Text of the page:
- Clean the underside of the car using a hose or lawn sprinkler.
- Examine the car frequently for damage and touch up any chips in the paint as soon as possible.
What to Do When You Find Rust
Sometimes it’s impossible to avoid rust even if you’re diligent with cleaning and inspecting. If you do come across small spots of rust, it’s imperative that you take care of them right away. If you choose to ignore them, they can quickly become big spots that you won’t be able to handle yourself. To fix rust, you’ll need a few simple tools:
- Painter’s tarp
- Painter’s tape
- Soft, clean cloths
- Masking paper
- Handheld sanding wheel
- Acid solution
- 150-grit sandpaper
- Paint in a color that matches your car
Be sure to gather some safety gear as well. Safety glasses, a mask and rubber gloves protect you from debris, dust and chemical exposure as you work. Put on all of your safety equipment before starting the job.
Next, you need to protect the parts of your car that aren’t rusted. The best way to protect the car is to use painters tape and masking paper. Avoid using newspaper since paint and other substances can easily leak through. Be precise when you cover to avoid dust accumulation and other blemishes on the surface of the car. Make sure the windows are closed so that no dust particles enter the vehicle’s interior. Once the car is masked, use a 150-grit sanding wheel to polish off as much of the rust as you can.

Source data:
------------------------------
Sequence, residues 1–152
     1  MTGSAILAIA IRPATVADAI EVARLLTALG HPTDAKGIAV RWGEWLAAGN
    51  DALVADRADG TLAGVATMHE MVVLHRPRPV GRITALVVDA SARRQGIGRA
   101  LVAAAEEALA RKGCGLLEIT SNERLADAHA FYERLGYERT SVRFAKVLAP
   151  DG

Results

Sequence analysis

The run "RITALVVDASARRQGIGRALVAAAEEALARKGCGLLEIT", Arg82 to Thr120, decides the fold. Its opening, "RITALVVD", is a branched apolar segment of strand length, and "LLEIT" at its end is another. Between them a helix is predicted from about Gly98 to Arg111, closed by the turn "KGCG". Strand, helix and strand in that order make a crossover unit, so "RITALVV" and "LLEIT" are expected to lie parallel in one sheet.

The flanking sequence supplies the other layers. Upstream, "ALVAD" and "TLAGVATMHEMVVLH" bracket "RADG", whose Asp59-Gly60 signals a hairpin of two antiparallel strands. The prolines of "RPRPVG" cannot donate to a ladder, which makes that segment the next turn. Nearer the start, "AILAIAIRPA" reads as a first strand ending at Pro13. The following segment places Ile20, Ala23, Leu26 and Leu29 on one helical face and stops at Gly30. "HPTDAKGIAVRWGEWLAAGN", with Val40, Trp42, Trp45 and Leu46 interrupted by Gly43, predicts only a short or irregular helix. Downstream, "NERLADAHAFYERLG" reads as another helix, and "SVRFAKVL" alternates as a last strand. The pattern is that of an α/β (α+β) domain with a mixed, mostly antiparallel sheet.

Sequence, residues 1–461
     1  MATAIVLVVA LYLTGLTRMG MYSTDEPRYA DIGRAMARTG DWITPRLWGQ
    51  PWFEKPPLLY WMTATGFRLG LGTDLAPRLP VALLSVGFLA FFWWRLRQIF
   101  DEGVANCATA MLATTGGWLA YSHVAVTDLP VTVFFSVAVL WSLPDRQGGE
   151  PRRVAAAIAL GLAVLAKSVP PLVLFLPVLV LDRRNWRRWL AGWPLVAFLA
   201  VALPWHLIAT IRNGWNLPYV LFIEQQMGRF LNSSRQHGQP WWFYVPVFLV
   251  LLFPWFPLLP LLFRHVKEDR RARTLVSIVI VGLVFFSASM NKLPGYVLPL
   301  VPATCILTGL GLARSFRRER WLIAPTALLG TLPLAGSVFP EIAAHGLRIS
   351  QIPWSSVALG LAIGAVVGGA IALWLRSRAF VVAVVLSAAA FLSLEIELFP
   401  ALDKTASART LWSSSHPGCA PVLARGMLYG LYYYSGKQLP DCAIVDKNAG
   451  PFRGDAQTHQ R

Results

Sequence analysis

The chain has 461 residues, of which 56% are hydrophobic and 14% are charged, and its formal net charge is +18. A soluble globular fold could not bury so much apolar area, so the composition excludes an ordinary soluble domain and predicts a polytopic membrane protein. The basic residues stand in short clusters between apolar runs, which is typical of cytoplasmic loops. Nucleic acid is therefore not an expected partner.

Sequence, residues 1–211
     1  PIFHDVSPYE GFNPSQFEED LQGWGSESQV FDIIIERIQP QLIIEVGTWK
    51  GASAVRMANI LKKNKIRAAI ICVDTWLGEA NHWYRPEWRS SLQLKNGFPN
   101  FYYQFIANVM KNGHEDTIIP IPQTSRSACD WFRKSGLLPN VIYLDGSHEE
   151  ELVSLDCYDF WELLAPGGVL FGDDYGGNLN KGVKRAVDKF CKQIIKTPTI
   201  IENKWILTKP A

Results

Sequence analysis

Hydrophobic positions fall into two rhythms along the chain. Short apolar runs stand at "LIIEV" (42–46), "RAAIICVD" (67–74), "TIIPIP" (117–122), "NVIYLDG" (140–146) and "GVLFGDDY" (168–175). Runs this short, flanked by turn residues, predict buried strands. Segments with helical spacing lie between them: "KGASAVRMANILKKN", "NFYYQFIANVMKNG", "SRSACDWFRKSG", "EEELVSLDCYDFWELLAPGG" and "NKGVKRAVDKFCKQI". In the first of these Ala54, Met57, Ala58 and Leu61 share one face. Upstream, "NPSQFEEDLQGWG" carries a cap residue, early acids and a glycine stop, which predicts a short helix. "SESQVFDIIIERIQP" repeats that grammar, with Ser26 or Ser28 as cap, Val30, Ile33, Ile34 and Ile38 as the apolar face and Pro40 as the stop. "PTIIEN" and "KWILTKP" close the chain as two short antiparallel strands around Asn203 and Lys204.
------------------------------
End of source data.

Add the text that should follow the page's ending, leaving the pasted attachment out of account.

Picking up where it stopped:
Switch to a metal grinding wheel to finish the job. Be careful as you go to avoid damaging intact parts of the car. Finish up with 150-grit sandpaper to smooth out the area. Grab a clean cloth and wipe off any dust. Apply an acid such as lemon juice, vinegar or a commercial preparation to the area to dissolve any remaining rust. Remove the acid as soon as possible with another clean cloth to prevent it eating away at too much of the vehicle’s surface. Now get your primer and paint.
Read the labels carefully before applying three coats of primer, waiting about ten minutes between each coat. Once the final coat has been applied, leave the primer to dry for about 12 hours. Gently sand the surface smooth and wipe it clean before applying at least three coats of paint to cover the area. Wait a full 24 hours after painting to remove the tape and masking paper. If everything looks good, go ahead and give the car a thorough washing and waxing so that it shines like new.
Owning a car involves a lot more than hopping in and driving yourself around town now and then. Routine maintenance including rust prevention is essential to maintaining the look, value and operation of the vehicle in the long term.
What do you do to keep your car rust-free?
Ask your mechanic to check for clogged drain holes and other potential problems that could facilitate rust. Be sure to wash your car regularly and be diligent about looking for rust every time it gets a bath. Being attentive to the state of your car makes you more aware of conditions that promote rust and helps you catch and repair small spots before they can cause serious damage.